- Yet it was the will of the Lord to crush Him; He has put Him to grief;

Ever since the beginning of time, God had a plan in motion.  He knew that soon after He made mankind, they would break relationship with Him.  From the very beginning, there was Jesus (John 1:1-5).  It was not the death of His Son that necessarily pleased God, it was the fruit of His death that pleased God.  In John 12:24 Jesus told a parable about a kernel of grain.  If the kernel of grain were not to go into the earth and die, the kernel would remain alone.  But if the kernel of grain went into the earth and died, the kernel of grain would bear much fruit.  Jesus is the kernel of grain and you dear reader, are part of that fruit!

Jesus faced great grief in the Garden of Gethsemane.  He knew His time was short and He would soon face intense suffering and death.  Jesus asked to have the cup removed from Him, if there was another way.  But Jesus submitted Himself to God’s will.  Still He knew it would not be easy, Jesus spent the next several minutes weeping and was in such grief that the biological phenomenon known as hematidrosis occurred (Luke 24:44).  When under intense pressure or fear the blood vessels around the sweat glands contract and then dilate violently, causing them to rupture. Blood then enters the glands and is secreted through the pores of the skin.

          - When His soul makes an offering for guilt He shall see His offspring;

In Leviticus 16:8,10, and 26 we are introduced to the Azazel or as it is often translated, scapegoat.  Two goats were brought before the Lord, the first goat was sacrificed to make atonement for the sins of the people.  The second goat was the scapegoat.  The priest was to lay both hands upon the scapegoat and symbolically place the guilt of the entire population of Israel upon the goat and the goat was set free.  Jesus is the fulfillment of the purpose of both goats.  He is the sacrifice that cleans our sins and all of our guilt was placed upon Him.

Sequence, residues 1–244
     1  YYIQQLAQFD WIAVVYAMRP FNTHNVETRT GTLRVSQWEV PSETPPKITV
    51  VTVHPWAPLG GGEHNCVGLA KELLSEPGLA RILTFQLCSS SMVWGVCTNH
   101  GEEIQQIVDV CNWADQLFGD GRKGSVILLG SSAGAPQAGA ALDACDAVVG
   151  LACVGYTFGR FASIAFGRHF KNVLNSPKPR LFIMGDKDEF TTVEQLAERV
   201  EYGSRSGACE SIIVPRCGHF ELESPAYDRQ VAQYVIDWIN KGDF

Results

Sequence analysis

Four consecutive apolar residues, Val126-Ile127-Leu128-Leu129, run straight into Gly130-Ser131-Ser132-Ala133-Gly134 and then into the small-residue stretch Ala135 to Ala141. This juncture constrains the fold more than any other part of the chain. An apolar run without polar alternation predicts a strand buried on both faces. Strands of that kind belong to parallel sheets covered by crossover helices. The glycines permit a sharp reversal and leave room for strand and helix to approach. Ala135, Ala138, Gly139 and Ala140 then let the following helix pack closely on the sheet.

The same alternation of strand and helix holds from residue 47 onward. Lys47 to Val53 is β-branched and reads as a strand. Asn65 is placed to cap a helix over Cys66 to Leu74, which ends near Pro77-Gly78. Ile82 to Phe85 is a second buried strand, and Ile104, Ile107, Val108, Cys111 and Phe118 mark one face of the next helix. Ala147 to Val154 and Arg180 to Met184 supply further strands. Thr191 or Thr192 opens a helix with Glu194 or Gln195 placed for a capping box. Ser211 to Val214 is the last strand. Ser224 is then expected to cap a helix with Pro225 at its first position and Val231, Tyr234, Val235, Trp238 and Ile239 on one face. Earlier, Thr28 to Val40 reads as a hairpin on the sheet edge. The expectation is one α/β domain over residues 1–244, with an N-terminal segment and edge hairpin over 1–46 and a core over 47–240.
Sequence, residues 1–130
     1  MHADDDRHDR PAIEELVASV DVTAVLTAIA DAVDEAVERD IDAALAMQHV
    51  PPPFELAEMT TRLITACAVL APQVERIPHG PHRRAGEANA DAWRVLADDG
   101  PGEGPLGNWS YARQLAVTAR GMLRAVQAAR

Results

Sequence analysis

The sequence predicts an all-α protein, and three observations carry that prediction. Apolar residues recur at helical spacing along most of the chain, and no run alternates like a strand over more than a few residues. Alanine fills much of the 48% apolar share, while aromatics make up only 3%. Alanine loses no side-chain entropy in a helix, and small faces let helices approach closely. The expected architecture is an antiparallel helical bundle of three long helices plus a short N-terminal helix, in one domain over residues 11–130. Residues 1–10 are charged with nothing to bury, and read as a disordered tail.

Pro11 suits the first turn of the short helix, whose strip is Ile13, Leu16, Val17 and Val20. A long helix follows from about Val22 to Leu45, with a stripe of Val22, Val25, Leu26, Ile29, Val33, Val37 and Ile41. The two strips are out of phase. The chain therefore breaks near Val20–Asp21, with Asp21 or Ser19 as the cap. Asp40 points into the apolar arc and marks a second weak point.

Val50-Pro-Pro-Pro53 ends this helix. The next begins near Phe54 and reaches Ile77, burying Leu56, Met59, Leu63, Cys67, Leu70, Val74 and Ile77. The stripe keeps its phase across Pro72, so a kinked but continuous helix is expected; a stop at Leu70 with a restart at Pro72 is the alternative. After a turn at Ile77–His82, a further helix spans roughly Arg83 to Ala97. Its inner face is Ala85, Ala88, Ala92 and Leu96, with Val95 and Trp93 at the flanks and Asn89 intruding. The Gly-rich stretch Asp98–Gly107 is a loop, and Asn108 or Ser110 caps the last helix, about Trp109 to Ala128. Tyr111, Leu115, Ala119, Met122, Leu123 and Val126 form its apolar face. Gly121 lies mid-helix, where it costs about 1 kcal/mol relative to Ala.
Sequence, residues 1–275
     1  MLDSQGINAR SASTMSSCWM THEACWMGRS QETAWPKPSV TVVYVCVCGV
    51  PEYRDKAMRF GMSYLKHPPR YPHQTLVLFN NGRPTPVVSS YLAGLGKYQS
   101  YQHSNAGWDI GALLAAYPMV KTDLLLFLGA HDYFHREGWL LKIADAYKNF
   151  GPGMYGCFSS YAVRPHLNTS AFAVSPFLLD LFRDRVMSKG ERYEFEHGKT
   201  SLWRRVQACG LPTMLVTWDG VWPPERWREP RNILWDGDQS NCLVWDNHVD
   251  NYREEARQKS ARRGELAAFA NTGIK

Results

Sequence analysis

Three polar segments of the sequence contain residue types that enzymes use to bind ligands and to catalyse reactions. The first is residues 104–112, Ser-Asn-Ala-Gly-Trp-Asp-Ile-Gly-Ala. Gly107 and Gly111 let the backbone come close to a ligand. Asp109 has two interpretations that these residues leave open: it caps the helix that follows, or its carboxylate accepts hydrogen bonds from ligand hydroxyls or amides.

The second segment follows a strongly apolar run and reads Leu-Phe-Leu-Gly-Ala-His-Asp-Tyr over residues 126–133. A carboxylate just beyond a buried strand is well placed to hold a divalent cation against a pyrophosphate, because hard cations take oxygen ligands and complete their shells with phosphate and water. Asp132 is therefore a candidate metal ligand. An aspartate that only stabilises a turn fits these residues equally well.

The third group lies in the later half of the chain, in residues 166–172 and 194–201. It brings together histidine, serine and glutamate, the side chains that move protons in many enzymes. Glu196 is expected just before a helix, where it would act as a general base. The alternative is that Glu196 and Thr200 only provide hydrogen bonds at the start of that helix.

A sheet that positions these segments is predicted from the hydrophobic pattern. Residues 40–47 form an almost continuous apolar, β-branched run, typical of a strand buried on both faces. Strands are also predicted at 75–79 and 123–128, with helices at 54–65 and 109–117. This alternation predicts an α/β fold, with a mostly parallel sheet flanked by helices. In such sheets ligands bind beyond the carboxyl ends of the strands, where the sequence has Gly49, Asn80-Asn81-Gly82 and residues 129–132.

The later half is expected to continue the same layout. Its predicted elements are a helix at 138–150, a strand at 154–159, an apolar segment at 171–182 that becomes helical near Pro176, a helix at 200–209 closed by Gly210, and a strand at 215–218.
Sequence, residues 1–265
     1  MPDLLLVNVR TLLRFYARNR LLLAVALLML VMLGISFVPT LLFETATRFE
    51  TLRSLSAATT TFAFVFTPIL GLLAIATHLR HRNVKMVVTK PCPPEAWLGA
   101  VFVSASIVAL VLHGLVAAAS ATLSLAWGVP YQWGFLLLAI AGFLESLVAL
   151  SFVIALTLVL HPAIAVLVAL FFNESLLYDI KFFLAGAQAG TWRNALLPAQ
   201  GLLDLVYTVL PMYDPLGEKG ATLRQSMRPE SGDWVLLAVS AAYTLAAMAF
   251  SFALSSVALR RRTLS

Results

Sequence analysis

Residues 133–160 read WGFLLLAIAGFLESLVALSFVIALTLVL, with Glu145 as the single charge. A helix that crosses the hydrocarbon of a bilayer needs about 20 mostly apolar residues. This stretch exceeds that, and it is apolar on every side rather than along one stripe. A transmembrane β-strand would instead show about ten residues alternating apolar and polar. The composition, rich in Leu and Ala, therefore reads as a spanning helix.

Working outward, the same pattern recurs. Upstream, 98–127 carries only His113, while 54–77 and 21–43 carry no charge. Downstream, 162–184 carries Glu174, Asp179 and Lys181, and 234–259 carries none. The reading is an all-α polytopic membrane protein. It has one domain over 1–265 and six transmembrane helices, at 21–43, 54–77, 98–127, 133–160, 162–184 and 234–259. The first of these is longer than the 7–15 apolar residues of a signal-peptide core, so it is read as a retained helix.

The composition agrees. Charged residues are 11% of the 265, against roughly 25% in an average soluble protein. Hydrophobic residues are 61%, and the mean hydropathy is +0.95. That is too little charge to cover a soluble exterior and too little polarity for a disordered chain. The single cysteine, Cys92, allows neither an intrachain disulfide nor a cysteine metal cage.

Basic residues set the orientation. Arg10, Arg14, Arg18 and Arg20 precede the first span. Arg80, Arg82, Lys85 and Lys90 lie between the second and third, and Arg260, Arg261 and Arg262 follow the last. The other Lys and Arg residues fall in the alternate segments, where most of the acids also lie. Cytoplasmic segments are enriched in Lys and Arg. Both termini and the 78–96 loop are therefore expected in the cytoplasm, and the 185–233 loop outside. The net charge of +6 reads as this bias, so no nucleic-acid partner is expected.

Hebrews 2:10 says, “For it was fitting that he, for whom and by whom all things exist, in bringing many sons to glory, should make the founder of their salvation perfect through suffering.”

          - He shall prolong His days; the will of the Lord shall prosper in His hand.  Out of the anguish of his soul he shall see and be satisfied;

40 days after the resurrection of Jesus, He was given the highest position in all of the universe, at the right hand of the Father.  And the will of the Lord shall prosper in His hand.  2 Peter 3:9 says that God is not willing that any should perish, but that all should reach repentance.  God’s will is for all to come to repentance.  How many people in 2,000 years have come to repentance through the sacrifice of Jesus!

          - by His knowledge shall the righteous one, my servant, make many to be accounted righteous, and he shall bear their iniquities.

Through knowledge of the Servant, Jesus, many would be made righteous.  Abraham believed God and his faith was counted as righteousness (Romans 4).  Just as when Abraham believed God, when we believe in the message of the Servant, our faith is counted as righteousness. 

1 John 2:2 says that Jesus is the propitiation for the sins of the world.  Propitiation means substitute sacrifice, in other words, He took all of the iniquities upon Himself.

          - Therefore I will divide Him a portion with the many, and He shall divide the spoil with the strong, because he poured out his soul to death and was numbered with the transgressors;
Romans 8:38 says that we are more than conquerors through Him who loved us.  When an army conquered a city, they would take all the treasures for themselves and the rest would be devoted to destruction.  Through Him, we have overcome the world.  When He returns victorious, we shall have a share in His treasure, because He was not afraid to pour His soul out.

Luke 22:37 confirms that Jesus is the Servant who will pour out His soul to death, as Jesus said that He would be numbered with the transgressors. 

                - yet he bore the sin of many, and makes intercession for the transgressors.

Intercession is prayer and petition on behalf of another.  Jesus is constantly speaking to and petitioning the Father on our behalf!

Romans 8:34 shows us that Jesus is interceding for us constantly.  Hebrews 7:25 says that Jesus is able to save us to the uttermost because He always lives to make intercession for us!

Jesus has risen, He has risen indeed!  Blessings and peace to you.